The good news is the River Thames is coming back to life after being declared biologically dead in the 1960s.
The bad news is among the dozens of species now living among the waters in London are venomous sharks. Although it sounds like it’s a plot from a bad horror film, the sharks really are part of one of the world’s most famous rivers.
The river is “home to myriad wildlife as diverse as London itself,” Andrew Terry, director of conservation and policy at the Zoological Society of London, said in a report published this month about the state of the river.
That report shows there are more than 115 species of fish and 92 species of birds supported by the 215-mile river.
“This report has enabled us to really look at how far the Thames has come on its journey to recovery since it was declared biologically dead, and in some cases, set baselines to build from in the future,” the Zoological Society said in a statement.
Sure, the return of species and the clarity of water are all positives. But venomous sharks?
Commonly known as spurdogs or spiny dogfish, the sharks are named after the venomous spines found in front of their dorsal fins used on predators. They can curl in a bow and strike at predators, according to Wildlife Trusts.
Spurdogs were once on the verge of extinction, but they have slowly returned — including now in the River Thames.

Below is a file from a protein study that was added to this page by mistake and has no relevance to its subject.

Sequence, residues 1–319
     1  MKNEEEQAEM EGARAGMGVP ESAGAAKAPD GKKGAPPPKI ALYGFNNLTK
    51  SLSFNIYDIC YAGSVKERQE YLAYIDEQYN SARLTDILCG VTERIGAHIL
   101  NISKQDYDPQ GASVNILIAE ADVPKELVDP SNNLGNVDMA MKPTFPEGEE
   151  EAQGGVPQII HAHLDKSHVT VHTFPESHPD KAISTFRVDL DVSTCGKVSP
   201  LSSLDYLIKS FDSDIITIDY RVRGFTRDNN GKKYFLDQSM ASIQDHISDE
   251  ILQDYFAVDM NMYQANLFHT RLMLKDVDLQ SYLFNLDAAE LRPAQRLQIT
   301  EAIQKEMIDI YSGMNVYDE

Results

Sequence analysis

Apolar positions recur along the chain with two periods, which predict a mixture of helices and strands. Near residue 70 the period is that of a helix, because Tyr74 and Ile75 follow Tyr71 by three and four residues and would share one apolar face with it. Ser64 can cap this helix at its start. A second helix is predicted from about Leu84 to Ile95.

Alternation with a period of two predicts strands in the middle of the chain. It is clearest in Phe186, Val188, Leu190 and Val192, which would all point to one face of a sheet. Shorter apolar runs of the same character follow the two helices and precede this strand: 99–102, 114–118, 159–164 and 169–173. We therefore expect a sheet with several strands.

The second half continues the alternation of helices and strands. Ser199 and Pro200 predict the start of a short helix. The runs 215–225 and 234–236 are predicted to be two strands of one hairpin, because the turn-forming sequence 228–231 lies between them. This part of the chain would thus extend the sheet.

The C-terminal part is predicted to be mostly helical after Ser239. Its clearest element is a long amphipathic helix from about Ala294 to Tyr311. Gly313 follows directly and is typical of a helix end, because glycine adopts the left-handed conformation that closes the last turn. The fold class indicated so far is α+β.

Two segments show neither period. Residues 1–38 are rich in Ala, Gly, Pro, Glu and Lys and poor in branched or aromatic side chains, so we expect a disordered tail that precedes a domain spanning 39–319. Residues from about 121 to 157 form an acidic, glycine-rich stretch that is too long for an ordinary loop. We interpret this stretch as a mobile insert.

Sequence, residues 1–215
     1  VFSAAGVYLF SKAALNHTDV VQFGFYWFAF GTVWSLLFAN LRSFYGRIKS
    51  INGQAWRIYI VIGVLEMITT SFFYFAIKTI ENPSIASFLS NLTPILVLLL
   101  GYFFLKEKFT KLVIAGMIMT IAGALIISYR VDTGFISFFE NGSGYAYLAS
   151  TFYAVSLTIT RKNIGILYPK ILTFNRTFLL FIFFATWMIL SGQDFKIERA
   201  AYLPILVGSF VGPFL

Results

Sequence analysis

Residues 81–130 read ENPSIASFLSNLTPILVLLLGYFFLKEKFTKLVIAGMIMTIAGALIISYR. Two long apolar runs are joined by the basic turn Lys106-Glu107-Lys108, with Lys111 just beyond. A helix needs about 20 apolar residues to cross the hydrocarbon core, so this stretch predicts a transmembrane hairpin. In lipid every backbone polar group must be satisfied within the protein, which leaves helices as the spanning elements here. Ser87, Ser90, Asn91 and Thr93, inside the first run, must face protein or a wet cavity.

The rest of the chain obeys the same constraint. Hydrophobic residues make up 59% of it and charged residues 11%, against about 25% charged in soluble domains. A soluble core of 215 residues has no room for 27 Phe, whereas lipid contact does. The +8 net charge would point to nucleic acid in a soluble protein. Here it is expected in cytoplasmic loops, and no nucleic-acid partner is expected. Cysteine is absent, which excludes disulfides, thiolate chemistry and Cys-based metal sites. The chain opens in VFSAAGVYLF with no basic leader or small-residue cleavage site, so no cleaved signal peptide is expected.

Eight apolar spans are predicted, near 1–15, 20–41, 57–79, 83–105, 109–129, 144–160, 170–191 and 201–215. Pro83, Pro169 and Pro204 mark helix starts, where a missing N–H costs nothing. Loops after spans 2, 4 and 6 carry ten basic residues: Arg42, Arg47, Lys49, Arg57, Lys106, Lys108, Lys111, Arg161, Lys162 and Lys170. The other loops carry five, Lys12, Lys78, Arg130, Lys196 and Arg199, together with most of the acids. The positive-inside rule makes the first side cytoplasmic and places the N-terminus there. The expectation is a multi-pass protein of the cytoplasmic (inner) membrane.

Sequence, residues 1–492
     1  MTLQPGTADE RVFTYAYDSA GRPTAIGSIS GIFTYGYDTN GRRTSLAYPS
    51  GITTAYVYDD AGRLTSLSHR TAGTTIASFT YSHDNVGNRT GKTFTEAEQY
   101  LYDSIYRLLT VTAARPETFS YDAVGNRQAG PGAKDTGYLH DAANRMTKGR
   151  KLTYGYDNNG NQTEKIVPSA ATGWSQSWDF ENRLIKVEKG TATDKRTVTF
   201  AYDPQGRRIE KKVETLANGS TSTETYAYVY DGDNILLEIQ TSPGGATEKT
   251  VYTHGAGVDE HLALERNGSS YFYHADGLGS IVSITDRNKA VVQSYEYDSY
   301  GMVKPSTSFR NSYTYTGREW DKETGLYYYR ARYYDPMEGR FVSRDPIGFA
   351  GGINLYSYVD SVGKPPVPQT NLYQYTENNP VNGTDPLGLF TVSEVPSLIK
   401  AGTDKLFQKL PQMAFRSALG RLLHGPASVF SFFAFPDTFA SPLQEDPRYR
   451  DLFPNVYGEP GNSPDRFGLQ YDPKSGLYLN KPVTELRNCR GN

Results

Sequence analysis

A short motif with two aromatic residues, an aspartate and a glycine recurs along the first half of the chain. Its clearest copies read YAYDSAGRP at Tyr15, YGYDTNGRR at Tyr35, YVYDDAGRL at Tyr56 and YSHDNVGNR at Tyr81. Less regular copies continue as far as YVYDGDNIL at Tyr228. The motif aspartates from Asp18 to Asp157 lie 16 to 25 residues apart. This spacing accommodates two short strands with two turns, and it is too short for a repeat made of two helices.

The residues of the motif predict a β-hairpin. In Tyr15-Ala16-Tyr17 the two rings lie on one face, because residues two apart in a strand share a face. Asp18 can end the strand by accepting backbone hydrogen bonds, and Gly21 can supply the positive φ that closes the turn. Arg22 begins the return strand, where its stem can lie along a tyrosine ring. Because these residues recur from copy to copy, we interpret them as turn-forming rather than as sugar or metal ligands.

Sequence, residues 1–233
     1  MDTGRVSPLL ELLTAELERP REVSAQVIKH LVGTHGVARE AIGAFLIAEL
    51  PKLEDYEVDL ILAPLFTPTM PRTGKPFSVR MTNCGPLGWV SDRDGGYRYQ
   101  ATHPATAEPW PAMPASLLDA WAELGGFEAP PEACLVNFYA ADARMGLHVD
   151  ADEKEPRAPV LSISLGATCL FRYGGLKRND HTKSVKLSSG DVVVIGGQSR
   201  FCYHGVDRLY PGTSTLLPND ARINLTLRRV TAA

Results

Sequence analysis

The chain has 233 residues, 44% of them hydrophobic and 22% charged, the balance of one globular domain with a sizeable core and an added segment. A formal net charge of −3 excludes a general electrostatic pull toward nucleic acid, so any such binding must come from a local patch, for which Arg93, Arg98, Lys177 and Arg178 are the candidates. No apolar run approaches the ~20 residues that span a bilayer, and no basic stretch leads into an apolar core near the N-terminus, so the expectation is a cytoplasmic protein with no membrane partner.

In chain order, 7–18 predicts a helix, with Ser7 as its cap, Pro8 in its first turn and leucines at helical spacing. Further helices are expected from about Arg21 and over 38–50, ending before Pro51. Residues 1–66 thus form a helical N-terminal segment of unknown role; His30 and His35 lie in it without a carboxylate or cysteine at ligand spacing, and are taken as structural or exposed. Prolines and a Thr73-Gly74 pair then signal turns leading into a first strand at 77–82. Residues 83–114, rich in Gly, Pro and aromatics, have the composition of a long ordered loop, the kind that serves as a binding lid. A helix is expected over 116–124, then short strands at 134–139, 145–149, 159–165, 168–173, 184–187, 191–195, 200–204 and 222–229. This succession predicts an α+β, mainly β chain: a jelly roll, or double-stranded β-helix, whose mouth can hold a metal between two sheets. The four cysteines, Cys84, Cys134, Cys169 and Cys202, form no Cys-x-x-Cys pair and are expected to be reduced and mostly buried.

According to the ZSL, warmer temperatures and rising sea waters have led to some species — like the sharks — being found in the Thames that were never there before.
“As water temperature and sea levels continue to rise above historic baselines, the estuary’s wildlife will be particularly impacted through changes to species’ lifecycles and ranges,” the report says.
Decades of sewage being dumped into the river were the main cause of the Thames being declared dead in the 1960s, but the expansion of sewage treatment plants and limits on industry helped bring it back to life, the report says.
But the river isn’t out of the woods, the report warns.
“Because London’s sewage system was largely built in the 1800s, when London’s population was less than a quarter of what it is today, storm events cause excess sewage to overflow into the Tidal Thames, posing a major threat to water quality,” the report says.
This begs the question, do London residents want sewage in the river, or clean water if it comes with venomous sharks?
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